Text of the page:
Arm has published its client CPU cores roadmap (opens in new tab) and disclosed its plans for the next couple of years.
The company highlighted two of its next-generation general-purpose cores for client systems and pledged a 30% performance uplift over the next couple of years. Arm also said that starting from 2022 all of its Cortex-A ‘big’ cores will only support 64-bit mode and will not be able to run legacy 32-bit applications.
Arm’s Cortex-A-series ‘big’ processor cores have come a long way in terms of performance and capabilities since the smartphone boom began in the late 2000s. In the last four years alone, Arm’s Cortex-A ‘big’ cores improved their peak integer compute performance by nearly 2.5 times (based on the SPECint_base2006 benchmark), according to the company. Such significant performance increases are not common in the x86 world these days.
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Arm is not standing still and says that its upcoming codenamed Matterhorn and Makalu will provide a performance uplift of up to 30% from the current Cortex-A78 (5nm/3GHz) to the future Makalu generation in 2022.
Modern smartphones can of course take advantage of every bit of performance available today, but contemporary Arm-based smartphone SoCs tend to have a substantial number of special-purpose accelerators (which sometimes come from Arm itself) to save power.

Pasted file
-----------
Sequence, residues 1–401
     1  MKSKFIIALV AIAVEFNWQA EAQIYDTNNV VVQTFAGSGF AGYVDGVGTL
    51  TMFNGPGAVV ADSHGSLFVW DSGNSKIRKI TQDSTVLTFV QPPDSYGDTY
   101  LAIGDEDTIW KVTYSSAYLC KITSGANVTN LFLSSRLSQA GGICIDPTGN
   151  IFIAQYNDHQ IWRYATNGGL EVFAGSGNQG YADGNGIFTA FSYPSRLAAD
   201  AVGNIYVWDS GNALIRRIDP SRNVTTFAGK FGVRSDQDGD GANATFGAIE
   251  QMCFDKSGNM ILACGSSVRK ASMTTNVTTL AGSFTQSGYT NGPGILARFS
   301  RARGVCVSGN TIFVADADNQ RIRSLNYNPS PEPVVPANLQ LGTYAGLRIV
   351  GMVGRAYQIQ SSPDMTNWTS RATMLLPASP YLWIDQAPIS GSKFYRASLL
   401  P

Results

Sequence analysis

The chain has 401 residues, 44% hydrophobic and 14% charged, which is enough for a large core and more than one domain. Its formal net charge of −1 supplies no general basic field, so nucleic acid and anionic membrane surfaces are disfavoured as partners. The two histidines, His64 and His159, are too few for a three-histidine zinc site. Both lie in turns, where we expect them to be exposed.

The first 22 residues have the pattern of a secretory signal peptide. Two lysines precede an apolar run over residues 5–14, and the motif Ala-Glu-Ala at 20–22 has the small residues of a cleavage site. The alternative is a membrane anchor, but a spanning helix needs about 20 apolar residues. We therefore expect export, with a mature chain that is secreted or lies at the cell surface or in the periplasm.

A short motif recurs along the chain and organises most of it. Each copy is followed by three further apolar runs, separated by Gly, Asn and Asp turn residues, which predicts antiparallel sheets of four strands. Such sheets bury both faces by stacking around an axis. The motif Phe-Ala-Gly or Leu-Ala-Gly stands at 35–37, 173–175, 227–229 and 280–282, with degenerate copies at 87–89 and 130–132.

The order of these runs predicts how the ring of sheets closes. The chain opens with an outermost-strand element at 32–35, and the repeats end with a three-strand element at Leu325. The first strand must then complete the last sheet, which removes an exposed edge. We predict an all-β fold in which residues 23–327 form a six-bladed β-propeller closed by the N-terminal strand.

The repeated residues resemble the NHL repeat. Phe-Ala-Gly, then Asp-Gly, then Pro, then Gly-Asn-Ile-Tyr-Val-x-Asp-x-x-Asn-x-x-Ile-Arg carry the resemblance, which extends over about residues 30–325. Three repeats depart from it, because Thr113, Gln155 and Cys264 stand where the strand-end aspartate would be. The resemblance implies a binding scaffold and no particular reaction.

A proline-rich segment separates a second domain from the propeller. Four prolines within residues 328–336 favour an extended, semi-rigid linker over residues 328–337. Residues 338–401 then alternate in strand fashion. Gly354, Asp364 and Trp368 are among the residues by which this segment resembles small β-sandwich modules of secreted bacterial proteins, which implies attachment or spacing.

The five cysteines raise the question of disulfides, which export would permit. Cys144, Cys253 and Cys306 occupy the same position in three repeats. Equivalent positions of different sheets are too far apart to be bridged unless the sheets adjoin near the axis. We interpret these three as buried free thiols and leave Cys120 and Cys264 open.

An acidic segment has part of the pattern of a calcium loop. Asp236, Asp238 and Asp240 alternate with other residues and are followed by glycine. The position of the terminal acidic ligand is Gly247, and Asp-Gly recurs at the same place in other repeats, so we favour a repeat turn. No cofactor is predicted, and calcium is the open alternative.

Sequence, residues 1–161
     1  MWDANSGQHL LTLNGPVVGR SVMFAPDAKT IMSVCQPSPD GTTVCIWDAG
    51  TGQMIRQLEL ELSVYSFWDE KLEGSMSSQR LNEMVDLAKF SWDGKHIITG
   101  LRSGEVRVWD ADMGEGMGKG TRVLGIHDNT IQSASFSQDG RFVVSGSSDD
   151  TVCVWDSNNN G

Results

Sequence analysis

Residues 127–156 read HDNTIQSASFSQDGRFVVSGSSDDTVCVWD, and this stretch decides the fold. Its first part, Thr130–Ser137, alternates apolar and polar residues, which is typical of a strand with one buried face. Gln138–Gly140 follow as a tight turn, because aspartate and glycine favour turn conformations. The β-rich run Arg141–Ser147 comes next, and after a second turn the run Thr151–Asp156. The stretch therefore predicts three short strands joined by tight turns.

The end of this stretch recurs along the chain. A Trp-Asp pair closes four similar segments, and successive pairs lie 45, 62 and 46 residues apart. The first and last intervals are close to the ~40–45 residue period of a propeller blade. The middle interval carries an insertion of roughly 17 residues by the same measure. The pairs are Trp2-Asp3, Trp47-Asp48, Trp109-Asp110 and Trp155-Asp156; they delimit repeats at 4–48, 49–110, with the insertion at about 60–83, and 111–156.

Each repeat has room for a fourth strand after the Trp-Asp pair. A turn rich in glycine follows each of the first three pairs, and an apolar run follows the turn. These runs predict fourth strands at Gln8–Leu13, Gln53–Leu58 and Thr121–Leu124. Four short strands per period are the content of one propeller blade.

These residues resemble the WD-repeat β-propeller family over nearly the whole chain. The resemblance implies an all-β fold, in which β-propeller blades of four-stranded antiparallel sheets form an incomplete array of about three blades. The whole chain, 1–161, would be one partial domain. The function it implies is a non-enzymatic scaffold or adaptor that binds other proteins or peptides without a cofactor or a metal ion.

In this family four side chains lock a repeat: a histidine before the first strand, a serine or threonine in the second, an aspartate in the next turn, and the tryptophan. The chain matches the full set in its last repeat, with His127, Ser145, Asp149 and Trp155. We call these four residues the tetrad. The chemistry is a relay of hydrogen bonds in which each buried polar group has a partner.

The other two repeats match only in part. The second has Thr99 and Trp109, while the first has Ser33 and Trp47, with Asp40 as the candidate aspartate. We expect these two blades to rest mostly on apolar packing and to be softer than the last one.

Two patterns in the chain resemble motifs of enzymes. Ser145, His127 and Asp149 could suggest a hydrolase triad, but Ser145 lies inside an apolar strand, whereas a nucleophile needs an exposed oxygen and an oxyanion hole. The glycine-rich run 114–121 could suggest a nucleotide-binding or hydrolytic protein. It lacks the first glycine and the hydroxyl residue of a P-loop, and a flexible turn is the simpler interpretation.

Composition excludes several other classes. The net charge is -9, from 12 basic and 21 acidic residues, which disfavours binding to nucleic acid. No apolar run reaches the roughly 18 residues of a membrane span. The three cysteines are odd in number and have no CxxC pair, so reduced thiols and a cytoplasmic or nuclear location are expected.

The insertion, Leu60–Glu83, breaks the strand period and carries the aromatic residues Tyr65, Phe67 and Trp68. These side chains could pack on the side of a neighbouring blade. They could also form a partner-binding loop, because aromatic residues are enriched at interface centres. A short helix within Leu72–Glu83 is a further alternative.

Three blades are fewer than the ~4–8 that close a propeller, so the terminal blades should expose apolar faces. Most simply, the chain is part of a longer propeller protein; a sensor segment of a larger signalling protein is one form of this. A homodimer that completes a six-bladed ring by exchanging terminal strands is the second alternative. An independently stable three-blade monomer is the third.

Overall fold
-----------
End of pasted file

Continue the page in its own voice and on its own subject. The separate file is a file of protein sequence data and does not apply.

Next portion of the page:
As a result, while pure compute horsepower is important for handsets, the performance uplift over the newest-generation Cortex-X1/Cortex-A78 cores will be truly appreciated by various SoCs designed for applications like notebooks and hybrid laptops, such as Qualcomm’s Snapdragon 8cx.
The significant performance increases on a yearly cadence by Arm might be a threat to mobile SoCs from AMD and Intel in certain market segments now that Microsoft’s Windows 10 fully supports emulation of x86 and x86-64 (x64) on Arm systems.
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